The delinquency rate for mortgage loans on one-to-four-unit residential properties rose to a seasonally adjusted rate of 9.24 percent of all loans outstanding as of the end of the second quarter of 2009, up 12 basis points from the first quarter of 2009, and up 283 basis points from one year ago, according to the Mortgage Bankers Association’s (MBA) National Delinquency Survey. The non-seasonally adjusted delinquency rate increased 64 basis points from 8.22 percent in the first quarter of 2009 to 8.86 percent this quarter.

The delinquency rate breaks the record set last quarter.  The records are based on MBA data dating back to 1972.

The delinquency rate includes loans that are at least one payment past due but does not include loans somewhere in the process of foreclosure.  The percentage of loans in the foreclosure process at the end of the second quarter was 4.30 percent, an increase of 45 basis points from the first quarter of 2009 and 155 basis points from one year ago. The combined percentage of loans in foreclosure and at least one payment past due was 13.16 percent on a non-seasonally adjusted basis, the highest ever recorded in the MBA delinquency survey.

The percentage of loans on which foreclosure actions were started during the second quarter was 1.36 percent, down one basis point from last quarter and up 28 basis points from one year ago.

The percentages of loans 90 days or more past due and loans in foreclosure both set new record highs, breaking records set last quarter.  The percentage of loans 30 days past due is still well below the record set in the second quarter of 1985.

Increases Driven by Prime Fixed-Rate Loans

“While the rate of new foreclosures started was essentially unchanged from last quarter’s record high, there was a major drop in foreclosures on subprime ARM loans.  The drop, however, was offset by increases in the foreclosure rates on the other types of loans, with prime fixed-rate loans having the biggest increase. As a sign that mortgage performance is once again being driven by unemployment, prime fixed-rate loans now account for one in three foreclosure starts.  A year ago they accounted for one in five.  While 41 states had increases in the foreclosure start rate for prime fixed-rate loans, 43 states had decreases in that rate for subprime adjustable-rate loans,” said Jay Brinkmann, MBA’s Chief Economist.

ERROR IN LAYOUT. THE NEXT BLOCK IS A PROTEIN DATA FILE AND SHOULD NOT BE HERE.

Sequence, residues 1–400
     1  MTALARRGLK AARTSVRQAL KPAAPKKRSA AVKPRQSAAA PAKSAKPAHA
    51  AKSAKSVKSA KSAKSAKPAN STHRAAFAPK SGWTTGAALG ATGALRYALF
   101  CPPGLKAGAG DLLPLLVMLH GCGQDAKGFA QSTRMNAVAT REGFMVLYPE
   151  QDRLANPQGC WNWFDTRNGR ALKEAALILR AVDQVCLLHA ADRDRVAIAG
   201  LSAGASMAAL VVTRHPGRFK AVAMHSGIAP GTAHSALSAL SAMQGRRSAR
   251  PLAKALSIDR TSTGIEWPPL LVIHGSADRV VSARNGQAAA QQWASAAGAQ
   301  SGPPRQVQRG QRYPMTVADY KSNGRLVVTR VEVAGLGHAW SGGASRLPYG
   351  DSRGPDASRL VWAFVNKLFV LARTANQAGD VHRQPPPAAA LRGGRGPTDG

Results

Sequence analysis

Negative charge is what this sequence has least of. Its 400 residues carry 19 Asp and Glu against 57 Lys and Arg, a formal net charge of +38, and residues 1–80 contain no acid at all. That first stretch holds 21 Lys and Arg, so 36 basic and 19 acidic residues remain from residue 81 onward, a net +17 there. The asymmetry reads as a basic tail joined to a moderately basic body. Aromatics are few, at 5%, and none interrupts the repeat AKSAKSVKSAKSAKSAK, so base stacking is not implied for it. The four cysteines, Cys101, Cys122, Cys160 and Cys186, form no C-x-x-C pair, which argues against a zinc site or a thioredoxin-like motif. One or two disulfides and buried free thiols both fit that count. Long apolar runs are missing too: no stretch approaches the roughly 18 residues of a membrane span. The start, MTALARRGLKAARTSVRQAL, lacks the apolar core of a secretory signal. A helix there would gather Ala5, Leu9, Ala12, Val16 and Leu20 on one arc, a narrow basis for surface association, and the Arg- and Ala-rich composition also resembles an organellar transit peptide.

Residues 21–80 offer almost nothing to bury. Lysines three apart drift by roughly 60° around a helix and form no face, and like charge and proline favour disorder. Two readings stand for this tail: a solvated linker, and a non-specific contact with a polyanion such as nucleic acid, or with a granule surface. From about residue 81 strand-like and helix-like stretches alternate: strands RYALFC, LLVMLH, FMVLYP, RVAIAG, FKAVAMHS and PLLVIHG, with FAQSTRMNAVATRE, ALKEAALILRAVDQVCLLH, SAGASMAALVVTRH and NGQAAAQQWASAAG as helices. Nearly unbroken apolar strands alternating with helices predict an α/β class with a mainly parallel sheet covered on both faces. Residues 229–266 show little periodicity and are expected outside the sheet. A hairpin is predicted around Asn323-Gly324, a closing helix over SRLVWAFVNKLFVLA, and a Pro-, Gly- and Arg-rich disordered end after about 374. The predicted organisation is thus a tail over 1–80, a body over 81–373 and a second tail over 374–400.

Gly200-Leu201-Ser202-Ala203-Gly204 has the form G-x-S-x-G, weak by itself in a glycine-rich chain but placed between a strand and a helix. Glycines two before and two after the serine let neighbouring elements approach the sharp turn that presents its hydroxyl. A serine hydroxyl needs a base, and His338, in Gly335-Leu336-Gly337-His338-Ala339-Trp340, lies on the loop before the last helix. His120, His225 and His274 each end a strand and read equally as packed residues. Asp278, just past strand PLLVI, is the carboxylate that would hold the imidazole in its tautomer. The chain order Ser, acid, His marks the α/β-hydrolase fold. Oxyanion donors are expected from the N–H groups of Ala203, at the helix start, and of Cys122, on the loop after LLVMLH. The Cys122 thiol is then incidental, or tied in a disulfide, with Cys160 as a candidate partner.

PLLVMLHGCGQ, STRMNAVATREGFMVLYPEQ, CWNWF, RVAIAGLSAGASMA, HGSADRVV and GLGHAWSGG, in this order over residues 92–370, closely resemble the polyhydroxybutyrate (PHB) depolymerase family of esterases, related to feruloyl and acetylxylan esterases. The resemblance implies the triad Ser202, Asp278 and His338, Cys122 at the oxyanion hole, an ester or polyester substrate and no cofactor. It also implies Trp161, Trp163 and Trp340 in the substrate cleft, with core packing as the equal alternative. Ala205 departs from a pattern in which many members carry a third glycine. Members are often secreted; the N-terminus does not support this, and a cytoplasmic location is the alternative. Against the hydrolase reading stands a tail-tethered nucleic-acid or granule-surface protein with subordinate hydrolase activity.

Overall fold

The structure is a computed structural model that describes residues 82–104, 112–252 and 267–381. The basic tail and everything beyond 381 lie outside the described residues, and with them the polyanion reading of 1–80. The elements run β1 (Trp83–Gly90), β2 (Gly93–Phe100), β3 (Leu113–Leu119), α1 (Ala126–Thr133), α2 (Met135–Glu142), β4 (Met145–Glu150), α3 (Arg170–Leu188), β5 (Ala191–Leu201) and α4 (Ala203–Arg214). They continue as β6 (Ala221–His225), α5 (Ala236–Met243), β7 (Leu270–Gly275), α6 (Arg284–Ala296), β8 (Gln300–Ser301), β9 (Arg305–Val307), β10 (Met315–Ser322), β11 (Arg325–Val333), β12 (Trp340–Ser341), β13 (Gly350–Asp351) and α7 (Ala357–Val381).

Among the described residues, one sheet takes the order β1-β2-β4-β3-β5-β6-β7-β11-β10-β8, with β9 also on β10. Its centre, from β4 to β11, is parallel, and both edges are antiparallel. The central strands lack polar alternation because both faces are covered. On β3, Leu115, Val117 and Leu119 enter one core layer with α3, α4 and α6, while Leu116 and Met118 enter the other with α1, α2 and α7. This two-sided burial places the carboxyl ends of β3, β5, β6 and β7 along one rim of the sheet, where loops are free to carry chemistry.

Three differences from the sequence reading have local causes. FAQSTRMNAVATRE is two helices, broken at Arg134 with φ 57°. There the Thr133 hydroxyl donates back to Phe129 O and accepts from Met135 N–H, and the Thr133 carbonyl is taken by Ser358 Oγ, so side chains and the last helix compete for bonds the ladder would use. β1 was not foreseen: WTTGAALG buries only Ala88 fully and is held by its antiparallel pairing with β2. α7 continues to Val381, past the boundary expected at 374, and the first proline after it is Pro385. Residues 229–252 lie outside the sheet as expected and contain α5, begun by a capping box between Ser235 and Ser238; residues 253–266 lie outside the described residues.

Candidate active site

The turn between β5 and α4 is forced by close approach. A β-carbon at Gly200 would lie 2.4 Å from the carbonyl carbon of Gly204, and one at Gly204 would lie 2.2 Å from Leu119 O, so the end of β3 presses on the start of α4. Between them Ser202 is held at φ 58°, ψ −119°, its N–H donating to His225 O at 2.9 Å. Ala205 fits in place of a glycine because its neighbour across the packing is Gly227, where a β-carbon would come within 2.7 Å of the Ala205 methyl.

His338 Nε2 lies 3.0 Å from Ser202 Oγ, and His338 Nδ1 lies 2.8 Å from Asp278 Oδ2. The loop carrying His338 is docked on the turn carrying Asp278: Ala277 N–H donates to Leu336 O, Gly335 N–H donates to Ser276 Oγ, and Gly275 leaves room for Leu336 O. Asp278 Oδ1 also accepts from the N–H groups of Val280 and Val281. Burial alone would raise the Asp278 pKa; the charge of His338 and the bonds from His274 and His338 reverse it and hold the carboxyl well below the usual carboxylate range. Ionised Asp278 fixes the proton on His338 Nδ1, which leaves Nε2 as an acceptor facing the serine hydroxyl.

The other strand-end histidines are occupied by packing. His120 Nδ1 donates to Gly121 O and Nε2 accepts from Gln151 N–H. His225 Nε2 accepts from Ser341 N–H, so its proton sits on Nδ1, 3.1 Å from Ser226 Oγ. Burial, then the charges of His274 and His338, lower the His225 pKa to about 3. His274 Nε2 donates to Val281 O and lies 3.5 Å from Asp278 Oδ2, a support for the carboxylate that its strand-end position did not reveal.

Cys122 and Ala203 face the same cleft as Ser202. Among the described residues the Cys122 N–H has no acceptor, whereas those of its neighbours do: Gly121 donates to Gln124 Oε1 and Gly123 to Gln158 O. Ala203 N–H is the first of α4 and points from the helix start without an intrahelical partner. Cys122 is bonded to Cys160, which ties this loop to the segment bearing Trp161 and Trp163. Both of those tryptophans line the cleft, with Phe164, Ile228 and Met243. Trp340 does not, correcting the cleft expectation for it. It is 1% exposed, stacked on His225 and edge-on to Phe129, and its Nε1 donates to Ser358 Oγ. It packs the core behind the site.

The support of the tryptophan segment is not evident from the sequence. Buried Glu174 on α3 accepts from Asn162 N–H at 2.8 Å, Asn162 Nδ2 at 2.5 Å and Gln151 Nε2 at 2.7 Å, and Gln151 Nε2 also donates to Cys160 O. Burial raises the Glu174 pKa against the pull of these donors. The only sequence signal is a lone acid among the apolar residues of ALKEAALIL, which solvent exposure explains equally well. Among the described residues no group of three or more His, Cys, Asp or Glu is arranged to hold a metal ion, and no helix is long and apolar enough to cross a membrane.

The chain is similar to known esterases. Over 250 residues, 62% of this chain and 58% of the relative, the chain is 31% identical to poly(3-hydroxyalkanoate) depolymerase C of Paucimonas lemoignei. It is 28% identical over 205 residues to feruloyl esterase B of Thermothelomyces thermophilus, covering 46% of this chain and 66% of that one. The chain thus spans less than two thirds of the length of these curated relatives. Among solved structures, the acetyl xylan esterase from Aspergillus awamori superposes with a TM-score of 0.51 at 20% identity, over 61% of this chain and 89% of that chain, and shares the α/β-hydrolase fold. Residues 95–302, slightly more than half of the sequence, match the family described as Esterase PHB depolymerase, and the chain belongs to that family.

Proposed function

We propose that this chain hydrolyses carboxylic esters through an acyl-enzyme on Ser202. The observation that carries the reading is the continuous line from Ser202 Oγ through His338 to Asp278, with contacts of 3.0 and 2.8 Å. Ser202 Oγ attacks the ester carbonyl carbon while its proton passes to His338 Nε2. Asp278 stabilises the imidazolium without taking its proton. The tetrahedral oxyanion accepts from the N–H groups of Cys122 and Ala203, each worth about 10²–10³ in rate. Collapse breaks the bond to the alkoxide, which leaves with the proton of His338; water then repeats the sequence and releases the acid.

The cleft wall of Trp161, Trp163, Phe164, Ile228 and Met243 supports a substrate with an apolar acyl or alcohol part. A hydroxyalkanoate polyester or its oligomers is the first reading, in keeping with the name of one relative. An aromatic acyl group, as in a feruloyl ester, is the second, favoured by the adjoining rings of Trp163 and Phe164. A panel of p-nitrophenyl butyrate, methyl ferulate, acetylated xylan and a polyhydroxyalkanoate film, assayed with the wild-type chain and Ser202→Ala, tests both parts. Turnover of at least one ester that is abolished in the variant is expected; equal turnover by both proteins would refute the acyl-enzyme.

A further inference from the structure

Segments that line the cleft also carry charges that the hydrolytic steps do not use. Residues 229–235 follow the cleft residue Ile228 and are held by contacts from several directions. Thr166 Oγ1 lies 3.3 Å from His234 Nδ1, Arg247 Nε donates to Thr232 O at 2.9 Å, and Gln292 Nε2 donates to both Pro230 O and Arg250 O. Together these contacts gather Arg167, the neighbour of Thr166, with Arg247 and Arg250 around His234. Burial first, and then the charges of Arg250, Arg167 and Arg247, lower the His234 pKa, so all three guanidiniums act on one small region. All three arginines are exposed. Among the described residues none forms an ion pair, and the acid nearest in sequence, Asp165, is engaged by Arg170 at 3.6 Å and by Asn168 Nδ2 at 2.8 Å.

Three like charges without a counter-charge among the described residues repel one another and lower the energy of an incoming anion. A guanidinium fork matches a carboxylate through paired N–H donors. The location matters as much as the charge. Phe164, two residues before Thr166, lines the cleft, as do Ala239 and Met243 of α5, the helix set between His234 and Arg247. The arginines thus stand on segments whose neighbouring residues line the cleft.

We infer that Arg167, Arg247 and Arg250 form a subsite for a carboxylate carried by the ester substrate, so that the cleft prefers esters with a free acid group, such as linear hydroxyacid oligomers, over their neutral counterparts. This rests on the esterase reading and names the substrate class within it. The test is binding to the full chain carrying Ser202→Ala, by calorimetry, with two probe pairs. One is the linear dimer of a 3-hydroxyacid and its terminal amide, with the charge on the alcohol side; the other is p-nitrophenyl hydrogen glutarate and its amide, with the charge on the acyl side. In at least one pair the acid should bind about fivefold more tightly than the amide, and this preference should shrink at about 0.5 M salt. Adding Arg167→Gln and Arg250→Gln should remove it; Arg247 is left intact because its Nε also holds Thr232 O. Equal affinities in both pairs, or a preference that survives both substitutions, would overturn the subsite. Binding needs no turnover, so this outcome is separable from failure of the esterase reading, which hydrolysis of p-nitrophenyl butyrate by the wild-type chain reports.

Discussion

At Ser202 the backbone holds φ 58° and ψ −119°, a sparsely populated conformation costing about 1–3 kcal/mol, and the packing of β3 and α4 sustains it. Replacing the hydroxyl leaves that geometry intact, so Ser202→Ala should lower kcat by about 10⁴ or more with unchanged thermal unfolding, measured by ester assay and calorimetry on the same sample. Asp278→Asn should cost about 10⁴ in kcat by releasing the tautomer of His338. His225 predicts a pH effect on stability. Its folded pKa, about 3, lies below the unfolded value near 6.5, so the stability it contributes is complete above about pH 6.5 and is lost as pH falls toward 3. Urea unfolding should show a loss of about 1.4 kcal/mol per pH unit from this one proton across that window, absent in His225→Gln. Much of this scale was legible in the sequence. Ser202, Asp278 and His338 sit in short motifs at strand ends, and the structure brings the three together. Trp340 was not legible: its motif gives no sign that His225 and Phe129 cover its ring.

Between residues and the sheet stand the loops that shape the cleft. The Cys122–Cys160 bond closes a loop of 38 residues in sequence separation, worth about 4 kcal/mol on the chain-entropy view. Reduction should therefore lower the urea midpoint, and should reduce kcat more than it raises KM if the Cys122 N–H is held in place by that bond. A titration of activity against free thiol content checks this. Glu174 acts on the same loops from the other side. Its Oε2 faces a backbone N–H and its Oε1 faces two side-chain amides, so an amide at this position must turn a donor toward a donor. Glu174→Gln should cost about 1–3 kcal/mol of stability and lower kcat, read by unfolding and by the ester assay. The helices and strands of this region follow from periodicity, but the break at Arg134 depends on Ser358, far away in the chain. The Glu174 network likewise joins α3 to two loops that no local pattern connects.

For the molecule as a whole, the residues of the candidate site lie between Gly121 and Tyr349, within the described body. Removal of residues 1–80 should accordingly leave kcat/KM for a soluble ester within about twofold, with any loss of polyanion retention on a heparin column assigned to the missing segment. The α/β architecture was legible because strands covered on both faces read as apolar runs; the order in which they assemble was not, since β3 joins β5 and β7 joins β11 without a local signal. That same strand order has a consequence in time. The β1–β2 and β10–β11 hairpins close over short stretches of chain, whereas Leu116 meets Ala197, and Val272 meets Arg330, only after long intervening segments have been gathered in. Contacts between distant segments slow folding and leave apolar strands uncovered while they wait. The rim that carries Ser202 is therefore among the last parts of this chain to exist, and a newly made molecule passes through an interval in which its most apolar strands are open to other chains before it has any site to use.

“The states of California, Florida, Arizona and Nevada continue to have a disproportionately high share of foreclosure starts, although the share has fallen slightly from last quarter.  Those four states had 44 percent of all of the nation’s new foreclosures during the second quarter of this year, down from 46 percent in the first quarter.

Again, it is fabulous that home sales are occurring. That said, the fact that delinquencies and foreclosures continue to set new records and that the problem area is now focused in the prime Jumbo fixed rate space means individuals and institutions — and our economy — with exposure to that segment will experience more pain.


Related Sense on Cents Commentary:
The Most Critical Economic Statistic (May 19, 2009)